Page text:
In addition, the EXE supports multiple timing planes which provides independent SMPTE compliant switching for different digital video signal formats. It uses SDI routing architecture for redundancy and supports manual or automatic re-routing of individual signals with quality verification prior to switching to the redundant path.
The EXE can support uncompressed (3G/HD/SD) and compressed video signals using JPEG-2000, H.264 or MPEG-2 codecs. In a 40 rack unit system, the EXE is capable of supporting 13,800 uncompressed HD/SD signals over 10 million TS streams using MPEG-2.
The EXE’s internal frame controllers provide connectivity to any number of remote control panels and third party control devices such as automation systems via Ethernet ports. Using Magnum, the EXE makes system installations with advanced tie-lines, automated pathfinding and advanced control surfaces simple to implement and manage.
Evertz’s EMR audio router allows any mix of formats within a frame. The inputs and outputs are scalable in blocks of 96 or 48 depending on the format. A system consists of the input stage, the crosspoint and the output stage.
Each input and output device is connected to the crosspoint through a proprietary TDM connection. It is the use of this connection that provides the flexibility for the system to scale and evolve with changing needs.
When combined with Magnum, the EMR can be controlled using a wide range of control panels and interfaces. The audio router also provides an SNMP interface to control various configuration options.
Each input and output card in the EMR contains multiple TDM interfaces that allow connections to multiple crosspoints. The TDM inputs can be setup to automatically failover if the primary connection fails. The redundancy structure of the EMR minimizes the chances of system failure.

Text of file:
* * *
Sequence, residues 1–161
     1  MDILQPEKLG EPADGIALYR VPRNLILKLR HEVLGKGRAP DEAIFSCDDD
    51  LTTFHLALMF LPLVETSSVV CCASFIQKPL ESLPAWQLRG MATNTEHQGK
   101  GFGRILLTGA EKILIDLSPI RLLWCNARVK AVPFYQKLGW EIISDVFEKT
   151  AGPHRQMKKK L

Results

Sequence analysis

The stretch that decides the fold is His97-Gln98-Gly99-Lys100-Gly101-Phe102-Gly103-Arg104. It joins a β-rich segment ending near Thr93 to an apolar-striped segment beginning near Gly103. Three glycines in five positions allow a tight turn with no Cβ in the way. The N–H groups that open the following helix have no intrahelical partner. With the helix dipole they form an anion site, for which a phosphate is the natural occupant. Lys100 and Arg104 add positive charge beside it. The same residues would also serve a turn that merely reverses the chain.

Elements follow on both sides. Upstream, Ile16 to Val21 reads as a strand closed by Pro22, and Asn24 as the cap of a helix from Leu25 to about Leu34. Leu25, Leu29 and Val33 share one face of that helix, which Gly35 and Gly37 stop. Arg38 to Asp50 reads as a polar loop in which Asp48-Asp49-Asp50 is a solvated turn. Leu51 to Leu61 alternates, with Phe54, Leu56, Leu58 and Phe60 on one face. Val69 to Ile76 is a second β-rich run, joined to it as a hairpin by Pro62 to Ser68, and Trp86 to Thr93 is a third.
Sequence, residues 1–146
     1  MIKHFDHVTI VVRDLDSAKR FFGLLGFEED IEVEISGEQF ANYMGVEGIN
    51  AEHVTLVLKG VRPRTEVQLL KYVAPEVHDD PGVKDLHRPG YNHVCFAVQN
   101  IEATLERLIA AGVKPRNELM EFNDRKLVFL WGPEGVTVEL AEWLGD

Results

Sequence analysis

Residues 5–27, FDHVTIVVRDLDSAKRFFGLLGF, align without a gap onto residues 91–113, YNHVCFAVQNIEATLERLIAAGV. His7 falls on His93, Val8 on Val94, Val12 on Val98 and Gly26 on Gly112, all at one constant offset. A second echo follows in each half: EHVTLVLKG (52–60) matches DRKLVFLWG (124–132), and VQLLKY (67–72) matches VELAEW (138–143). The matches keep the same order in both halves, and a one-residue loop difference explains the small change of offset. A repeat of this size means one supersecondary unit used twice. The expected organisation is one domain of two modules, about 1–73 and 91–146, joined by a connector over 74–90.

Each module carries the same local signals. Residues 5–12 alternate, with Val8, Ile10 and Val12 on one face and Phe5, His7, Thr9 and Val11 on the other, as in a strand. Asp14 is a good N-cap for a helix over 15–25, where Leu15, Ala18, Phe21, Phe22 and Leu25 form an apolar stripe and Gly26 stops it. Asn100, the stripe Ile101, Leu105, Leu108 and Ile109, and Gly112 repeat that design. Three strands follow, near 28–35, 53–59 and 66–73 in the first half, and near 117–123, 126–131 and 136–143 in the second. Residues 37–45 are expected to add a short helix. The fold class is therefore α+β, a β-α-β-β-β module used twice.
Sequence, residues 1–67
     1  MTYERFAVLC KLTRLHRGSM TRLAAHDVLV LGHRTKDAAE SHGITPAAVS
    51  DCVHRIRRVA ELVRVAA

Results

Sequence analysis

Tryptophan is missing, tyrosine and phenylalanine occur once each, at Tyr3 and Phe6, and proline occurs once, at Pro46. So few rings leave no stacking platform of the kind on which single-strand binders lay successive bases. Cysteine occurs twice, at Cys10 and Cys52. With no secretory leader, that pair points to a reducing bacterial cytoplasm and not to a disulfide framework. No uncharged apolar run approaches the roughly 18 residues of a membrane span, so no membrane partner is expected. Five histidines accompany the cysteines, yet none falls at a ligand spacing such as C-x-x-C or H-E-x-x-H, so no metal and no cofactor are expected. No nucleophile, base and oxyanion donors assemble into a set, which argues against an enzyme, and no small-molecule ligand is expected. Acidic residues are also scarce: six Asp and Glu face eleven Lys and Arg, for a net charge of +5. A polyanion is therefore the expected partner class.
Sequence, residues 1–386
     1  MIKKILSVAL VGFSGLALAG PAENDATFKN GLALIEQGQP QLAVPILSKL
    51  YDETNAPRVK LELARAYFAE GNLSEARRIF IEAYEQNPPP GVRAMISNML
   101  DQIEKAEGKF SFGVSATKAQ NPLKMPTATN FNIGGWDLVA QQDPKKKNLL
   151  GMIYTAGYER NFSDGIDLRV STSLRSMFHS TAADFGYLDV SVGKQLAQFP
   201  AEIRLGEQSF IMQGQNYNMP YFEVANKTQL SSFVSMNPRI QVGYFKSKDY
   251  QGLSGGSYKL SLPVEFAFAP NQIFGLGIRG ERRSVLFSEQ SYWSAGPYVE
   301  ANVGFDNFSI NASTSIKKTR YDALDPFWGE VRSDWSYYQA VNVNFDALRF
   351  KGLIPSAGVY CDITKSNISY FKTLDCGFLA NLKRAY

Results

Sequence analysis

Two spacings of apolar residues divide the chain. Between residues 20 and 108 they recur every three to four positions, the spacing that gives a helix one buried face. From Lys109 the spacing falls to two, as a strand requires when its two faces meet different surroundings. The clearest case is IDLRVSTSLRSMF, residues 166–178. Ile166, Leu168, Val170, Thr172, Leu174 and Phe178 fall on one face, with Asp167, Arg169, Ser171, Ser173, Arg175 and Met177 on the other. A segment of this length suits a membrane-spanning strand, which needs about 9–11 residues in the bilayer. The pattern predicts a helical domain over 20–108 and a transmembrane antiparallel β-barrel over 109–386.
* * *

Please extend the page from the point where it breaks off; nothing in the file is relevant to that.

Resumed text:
The EMR can be scaled well beyond a single frame. A single crosspoint module can support up to 16 input modules and 16 output modules, allowing a system to scale to 1536 x 1536 AES. For larger requirements, multiple crosspoint modules can be combined to scale further. There really is no limit to the range of the EMR system.
The Evertz system contains advanced processing features above and beyond basic audio routing. The core allows functions such as gain, phase inversion, muting and audio delay to be applied to each mono channel independently.
Each mono channel also has an independent four-by-one mixer that enables the operator to produce mono-mix or 5.1 down-mixing of surround channels. The input modules also provide sample rate conversion capabilities to realign incoming signals to the sample rate of the applied reference.
Outside of minor software upgrades to enhance system stability, Goyal said little has changed this year in the Evertz routing systems being used by Game Creek. The other major mobile unit provider at the Super Bowl, NEP, also uses Evertz routers.
“Evertz has a very strong presence in mobile units, especially in core routing and multiviewing,” Goyal said. “Game Creek and NEP both use our gear, as well as many other mobile unit providers.”